Mr. Eroglu, the prime minister, won just over 50%, enabling him to avoid a run-off with incumbent, Mehmet Ali Talat, unofficial final results show.
The election may have a major impact on the chances of reuniting the divided Mediterranean island.
Mr. Talat had supported reunification and close ties with the EU.
Results on the Turkish Cypriot High Electoral Board’s website gave Mr. Eroglu 50.38% of the vote to Mr. Talat’s 42.85%. The results still need to be confirmed by the electoral commission.
Mr. Eroglu claimed victory, saying: “We will always work in co-operation with our motherland Turkey.”
However, he told Turkey’s NTV television that “no-one must think that I will walk away from the negotiating table. The talk process will continue”.
“I will work with goodwill for a solution that takes my community’s rights into account,” he added.
Mr. Talat told reporters: “My dream to reach a solution is still there, but of course this is the beginning of a new era.”
Cyprus has been divided since 1974, when Turkish troops invaded in response to a military coup backed by the junta ruling Greece at the time. The breakaway north is not recognized internationally.
Analysts say the result could stall peace talks with the Greek Cypriots and have implications for Turkey’s hopes of fasten together with the EU.
Greek Cypriots, who are already members, could block Turkey’s membership bid.
When Turkish Cypriots voted Mr. Talat into office they had hoped he would unite Cyprus and thus bring to an end decades of international isolation imposed on the unrecognized Turkish Republic in the north of the island, the BBC’s Tabitha Morgan reports from Nicosia.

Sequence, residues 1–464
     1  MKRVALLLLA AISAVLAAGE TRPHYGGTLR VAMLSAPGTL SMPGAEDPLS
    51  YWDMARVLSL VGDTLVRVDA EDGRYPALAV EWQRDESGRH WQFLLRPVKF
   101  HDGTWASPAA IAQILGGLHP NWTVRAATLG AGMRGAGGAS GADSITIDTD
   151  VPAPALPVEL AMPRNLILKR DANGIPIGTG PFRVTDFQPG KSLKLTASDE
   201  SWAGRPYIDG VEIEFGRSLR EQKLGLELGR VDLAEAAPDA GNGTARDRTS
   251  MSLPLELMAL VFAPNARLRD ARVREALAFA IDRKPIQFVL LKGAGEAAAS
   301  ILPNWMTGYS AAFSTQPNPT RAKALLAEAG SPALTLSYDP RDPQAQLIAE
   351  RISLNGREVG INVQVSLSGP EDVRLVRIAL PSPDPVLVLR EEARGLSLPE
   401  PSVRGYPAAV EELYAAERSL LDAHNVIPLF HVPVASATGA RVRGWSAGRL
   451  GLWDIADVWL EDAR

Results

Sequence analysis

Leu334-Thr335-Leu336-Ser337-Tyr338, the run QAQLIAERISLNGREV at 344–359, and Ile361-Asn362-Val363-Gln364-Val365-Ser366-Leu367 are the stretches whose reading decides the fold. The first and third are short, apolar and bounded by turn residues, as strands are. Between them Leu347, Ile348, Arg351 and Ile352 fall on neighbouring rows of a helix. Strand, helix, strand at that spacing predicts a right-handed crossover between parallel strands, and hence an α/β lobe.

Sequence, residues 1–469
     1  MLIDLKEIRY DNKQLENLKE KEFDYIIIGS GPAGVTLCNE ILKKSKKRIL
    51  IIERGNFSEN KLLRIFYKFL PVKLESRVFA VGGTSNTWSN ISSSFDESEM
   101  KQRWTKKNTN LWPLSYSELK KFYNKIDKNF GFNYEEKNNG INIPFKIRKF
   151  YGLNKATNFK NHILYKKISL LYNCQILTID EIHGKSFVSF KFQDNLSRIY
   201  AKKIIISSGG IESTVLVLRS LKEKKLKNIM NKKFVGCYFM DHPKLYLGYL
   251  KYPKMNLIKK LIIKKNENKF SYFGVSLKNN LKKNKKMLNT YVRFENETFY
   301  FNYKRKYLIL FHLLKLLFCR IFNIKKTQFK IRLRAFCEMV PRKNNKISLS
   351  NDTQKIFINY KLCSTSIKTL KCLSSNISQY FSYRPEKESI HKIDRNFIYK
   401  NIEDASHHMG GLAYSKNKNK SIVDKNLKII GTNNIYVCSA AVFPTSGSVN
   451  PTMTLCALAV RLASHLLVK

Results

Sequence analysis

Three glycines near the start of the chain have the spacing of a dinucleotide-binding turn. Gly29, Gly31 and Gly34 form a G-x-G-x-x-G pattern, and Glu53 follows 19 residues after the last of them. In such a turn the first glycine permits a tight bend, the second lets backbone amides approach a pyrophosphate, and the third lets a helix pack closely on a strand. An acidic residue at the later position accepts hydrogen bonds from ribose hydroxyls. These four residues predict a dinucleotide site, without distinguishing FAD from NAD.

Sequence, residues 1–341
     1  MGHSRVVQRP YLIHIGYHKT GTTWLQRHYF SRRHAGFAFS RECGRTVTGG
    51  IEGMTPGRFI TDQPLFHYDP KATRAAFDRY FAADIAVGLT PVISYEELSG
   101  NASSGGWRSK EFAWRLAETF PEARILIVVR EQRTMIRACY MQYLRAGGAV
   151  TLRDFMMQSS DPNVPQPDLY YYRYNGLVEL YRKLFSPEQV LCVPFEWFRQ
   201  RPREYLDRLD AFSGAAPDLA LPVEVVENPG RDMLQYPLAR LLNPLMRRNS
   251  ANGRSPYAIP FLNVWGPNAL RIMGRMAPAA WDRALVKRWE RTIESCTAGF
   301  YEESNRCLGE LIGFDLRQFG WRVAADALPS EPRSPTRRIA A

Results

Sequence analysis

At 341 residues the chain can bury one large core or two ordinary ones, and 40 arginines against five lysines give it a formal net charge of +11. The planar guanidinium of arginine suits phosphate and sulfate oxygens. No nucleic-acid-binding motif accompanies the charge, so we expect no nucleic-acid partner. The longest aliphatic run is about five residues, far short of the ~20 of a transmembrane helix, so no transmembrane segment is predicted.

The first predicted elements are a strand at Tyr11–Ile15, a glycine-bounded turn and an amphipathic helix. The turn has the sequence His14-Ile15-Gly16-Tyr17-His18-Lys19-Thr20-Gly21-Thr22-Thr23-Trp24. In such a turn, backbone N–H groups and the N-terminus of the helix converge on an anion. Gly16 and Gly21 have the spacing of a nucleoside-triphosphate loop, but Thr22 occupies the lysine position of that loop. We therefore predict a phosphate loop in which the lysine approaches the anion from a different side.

But despite years of negotiations with the Greek Cypriot leadership, he has not been able to deliver on his promises, she says.
Turkish Cypriots are disappointed and, according to one analyst, wanted “to punish Mr. Talat” for his failure to reunite Cyprus.
Analyze of Tabitha Morgan, BBC News, Nicosia
Mr. Eroglu is strongly opposed to the diplomatic process in which Mr. Talat was engaged seeking to reunify the island.
The Eroglu solution to the long-standing Cyprus problem would involve separate Greek and Turkish Cypriot states, linked by loose confederal ties.
This is totally unacceptable to the majority of Greek Cypriots. So the prospects for a negotiated deal suddenly look significantly worse.
Indeed, Mr. Eroglu’s victory is symptomatic of a mood of disillusionment among most Turkish Cypriots, over Mr. Talat’s failure to make good his promise to reunite Cyprus and end the north’s political and economic isolation.
If no solution to the problem is forthcoming, Turkey’s path towards EU accession will become even more difficult.
CNNNEWS, 18 April 2010